Most collectors put vintage Watermans into two basic categories, eyedropper fillers and lever fillers. In fact, Waterman used no less than four different types of self-filling mechanisms prior to adopting the lever-filler in 1915 (not 1913, as some sources mistakenly state).

All four mechanisms are rare and of considerable historical and technical interest. The first, a syringe-filler using a piston attached to a long shaft hidden under a long, tapered blind cap, dates to the early 1890s, with the few surviving examples datable to c. 1895. No catalog listings, advertisements, or illustrations are known.

Waterman pump-filler detail

The second filler was a pump mechanism, illustrated above. The end of the barrel was unscrewed and then gently oscillated. The mechanism was described in two patents, issued in 1897 and 1900, but it appears as if production did not begin in earnest until around 1903. These pens are rare, and though they were not consistently featured in advertisements and catalogs, this is as likely to be a result of their lack of popularity rather than the cause. Although some state that the pump-filler was dropped around 1910, when the sleeve-filler was introduced, scattered listings appeared as late as the early 1920s, which has led to speculation that this was done to keep up patent rights.

Waterman sleeve-filler

The third mechanism was the sleeve-filler, in which a sliding sleeve covered a cutout in the barrel, through which one could depress a pressure bar resting on the ink sac. Sleeve-fillers are scarce, but not nearly as rare as the other early self-fillers. Note that nonoriginal replacement caps are often found on these pens: slip-caps from eyedroppers are longer than proper sleeve-filler caps and usually slightly smaller in outside diameter; screw-caps are somewhat closer in overall proportion, but have inner caps and internal threads which are absent on the original slip-caps. The patent (US 950817) for Waterman's sleeve-filler mechanism was applied for in August of 1909, with the patent issued in March 1910. Production appears to have begun somewhere between those two dates, with mention of both self-filling and pump styles appearing in the February 19, 1910 issue of The American Stationer (vol. 67, p. 6). Sleeve-filler production continued until the introduction of Waterman's first lever-filler in 1915. A variant with a rotating rather than a sliding sleeve was patented in 1905 as US 799897. This design was never used for Waterman's top-line, but was promptly put into production under the "Remex" sub-brand. It was also used by Aikin Lambert after its takeover by Waterman around 1907.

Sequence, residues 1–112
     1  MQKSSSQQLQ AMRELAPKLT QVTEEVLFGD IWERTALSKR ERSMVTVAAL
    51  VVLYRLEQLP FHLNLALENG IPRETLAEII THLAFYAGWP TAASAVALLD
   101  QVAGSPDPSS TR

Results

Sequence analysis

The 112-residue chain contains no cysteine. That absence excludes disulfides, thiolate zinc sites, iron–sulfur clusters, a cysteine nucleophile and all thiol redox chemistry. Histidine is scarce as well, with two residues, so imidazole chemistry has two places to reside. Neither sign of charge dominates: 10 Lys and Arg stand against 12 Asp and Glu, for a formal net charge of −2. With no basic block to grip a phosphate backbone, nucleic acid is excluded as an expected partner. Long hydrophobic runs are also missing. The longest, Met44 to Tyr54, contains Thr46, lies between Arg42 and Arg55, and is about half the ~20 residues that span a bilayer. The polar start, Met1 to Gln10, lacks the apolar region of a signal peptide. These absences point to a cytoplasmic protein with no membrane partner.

Waterman coin filler

The fourth mechanism was the coin filler, in which a simple slot was cut into the side of the barrel, enabling the pressure bar to be depressed by insertion of a coin (Waterman also made a special oval "coin" to go with these pens). Although their rarity and the almost complete absence of advertising has led to the belief that they were offered for only a very short time, recent research indicates that Waterman coin-fillers were produced from c. 1910-15 -- much the same span as the sleeve-filler. Waterman did not invent the coin-filler, which was a popular design among contemporary makers of economy-line pens, and by all appearances never patented. Note that there are a number of fake overlay coin-fillers now in circulation made from screw-cap filigree eyedroppers, some of which came with overlays originally intended for coin-fillers. The proportions of these fakes are usually somewhat off, but one has to have experience to detect this. More obvious discrepancies include incorrect numbers on the end of the barrel (POC instead of PSF), badly centered coin slots, and incorrect interior parts (J-shaped springs instead of the original blackened and grooved unsprung pressure bar). Note that coin-fillers had screw caps, whereas all the earlier self-fillers had slip caps.

more on the Waterman numbering system

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